Where To Start In Resolving A Building Dispute

We understand that problems with building works  can be stressful and frustrating. For home owners disputes with builders are especially stressful where works are left incomplete or you are not happy with what has been carried out by the builder. For builders when a client is refusing to pay or is complaining about quality additional concerns such as damage to reputation arise. We have therefore tried to set out some practical steps below to assist you when dealing with a building dispute. If you are going to seek legal advice, it is likely we will ask for this information.

We can offer initial fixed fee advice in this area but to aid homeowners and builders with disputes on their home build projects, we have provided this page to assist you with the information you will need to gather and consider before contacting us.

For a confidential free discussion, call us today on 01908 414990,  alternatively email us at Hello@altion-law.co.uk or complete our Free Enquiry Form and we will call you back.

1.Gather together details of what exactly was agreed.

The first step is to gather together any evidence you have setting out what was agreed between you and the builder – i.e. exactly what works would be carried out, where, the costs and the timeframe if any. This should include any changes that there made to the agreement over time, for whatever reason.

This may take the form of a contract or agreement formally drawn up and signed by the parties, but could also include emails, text messages, photographs and drawings setting out the basis of the agreement.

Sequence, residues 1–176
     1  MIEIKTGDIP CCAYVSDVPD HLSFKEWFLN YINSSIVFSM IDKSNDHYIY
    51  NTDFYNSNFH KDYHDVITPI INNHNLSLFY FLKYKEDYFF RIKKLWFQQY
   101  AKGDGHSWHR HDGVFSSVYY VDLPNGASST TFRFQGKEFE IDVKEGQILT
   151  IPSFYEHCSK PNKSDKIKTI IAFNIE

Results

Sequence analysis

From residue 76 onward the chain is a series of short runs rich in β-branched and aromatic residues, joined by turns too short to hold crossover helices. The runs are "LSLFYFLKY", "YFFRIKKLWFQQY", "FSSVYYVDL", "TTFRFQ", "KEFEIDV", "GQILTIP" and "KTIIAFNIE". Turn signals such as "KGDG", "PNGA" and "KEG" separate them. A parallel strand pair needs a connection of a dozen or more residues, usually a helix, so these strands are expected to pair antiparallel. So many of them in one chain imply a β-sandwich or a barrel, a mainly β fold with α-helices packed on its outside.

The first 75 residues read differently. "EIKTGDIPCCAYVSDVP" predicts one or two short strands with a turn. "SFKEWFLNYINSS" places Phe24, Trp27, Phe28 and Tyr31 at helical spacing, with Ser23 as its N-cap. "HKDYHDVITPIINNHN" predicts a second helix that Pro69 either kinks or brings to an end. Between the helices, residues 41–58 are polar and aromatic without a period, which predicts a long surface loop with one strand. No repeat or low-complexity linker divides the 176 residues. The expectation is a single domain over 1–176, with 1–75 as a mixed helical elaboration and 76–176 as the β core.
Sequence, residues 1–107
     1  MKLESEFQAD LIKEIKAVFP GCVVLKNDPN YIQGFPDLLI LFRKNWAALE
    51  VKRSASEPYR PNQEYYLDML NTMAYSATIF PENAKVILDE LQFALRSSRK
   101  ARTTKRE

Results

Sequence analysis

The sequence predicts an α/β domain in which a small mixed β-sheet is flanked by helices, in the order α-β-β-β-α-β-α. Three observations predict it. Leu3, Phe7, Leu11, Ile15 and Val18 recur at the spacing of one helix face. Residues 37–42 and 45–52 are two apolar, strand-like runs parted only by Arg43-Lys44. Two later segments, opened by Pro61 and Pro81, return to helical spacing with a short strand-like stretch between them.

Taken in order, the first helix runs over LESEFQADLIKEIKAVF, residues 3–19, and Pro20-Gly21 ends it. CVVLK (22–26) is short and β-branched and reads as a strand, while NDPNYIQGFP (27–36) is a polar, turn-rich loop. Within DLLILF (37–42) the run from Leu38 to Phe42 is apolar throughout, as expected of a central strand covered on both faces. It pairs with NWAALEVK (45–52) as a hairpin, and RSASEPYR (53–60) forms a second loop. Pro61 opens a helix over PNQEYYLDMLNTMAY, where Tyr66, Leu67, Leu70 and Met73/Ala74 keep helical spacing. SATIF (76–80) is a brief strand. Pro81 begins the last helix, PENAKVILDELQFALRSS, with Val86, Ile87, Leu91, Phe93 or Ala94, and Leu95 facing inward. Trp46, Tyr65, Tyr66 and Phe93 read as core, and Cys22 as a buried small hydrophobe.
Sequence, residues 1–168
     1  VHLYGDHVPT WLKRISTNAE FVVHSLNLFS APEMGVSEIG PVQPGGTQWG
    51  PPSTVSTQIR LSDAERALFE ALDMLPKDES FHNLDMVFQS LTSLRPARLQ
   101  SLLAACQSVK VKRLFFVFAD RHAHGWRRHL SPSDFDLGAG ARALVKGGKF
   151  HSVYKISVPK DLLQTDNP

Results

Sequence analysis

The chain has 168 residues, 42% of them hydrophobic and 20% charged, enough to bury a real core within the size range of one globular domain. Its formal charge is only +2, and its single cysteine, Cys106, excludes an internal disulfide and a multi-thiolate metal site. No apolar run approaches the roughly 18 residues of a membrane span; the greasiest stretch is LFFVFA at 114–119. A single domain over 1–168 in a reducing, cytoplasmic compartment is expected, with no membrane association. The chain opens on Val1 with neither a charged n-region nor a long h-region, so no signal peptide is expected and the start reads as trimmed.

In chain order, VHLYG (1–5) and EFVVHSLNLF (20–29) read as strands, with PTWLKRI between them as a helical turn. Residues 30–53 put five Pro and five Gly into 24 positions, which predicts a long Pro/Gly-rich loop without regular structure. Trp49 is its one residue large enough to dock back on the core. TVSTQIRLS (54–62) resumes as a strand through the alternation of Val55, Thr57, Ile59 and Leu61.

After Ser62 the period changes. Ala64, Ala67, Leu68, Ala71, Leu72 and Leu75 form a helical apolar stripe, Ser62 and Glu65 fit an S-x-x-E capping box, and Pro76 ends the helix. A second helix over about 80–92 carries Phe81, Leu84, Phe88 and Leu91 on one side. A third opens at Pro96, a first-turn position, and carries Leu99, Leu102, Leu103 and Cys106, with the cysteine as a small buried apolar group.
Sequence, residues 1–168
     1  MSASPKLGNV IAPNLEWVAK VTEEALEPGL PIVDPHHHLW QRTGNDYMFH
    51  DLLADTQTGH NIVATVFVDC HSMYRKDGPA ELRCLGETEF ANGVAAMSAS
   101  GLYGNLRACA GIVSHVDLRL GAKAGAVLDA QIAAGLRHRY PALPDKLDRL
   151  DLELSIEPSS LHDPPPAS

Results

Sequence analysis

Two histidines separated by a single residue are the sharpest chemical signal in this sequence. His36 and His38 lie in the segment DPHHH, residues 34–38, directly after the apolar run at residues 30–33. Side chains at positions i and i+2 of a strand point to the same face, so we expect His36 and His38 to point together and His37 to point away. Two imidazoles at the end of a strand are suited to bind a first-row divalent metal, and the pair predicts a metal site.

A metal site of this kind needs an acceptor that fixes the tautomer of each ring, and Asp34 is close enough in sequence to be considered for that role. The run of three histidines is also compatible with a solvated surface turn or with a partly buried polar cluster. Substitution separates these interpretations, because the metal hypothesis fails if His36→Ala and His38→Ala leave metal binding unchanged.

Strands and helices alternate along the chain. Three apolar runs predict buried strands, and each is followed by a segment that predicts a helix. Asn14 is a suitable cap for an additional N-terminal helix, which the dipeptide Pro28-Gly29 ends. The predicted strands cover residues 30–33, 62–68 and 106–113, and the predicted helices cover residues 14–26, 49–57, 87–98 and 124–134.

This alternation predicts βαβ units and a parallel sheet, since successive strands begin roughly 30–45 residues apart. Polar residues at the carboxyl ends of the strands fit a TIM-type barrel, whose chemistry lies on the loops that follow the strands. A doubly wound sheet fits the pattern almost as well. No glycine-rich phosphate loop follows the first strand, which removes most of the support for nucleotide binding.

If nothing was ever put in writing, then try and write down what you feel was agreed as determining this may help to resolve the matter and it will certainly give you something to work with.

2. Be clear on what your dispute is.

Sometimes when tensions run high, matters can get personal. If there is a building dispute, you need to be clear on exactly what it is that you are not happy with and why so that you have something to work with.

The most common problems include:

1. Incomplete works (try and be clear on what is still left to do where you can)
2. Unsatisfactory works (try and set out which bits are not right and why for clarity);
3. Over payment (try and understand how much you have paid, what you feel you should have paid and what you feel is an over payment);

3. What Evidence do you have?

You will need evidence to support your claims, and this will help back up your position and will be key in helping you take the correct steps to resolving your dispute.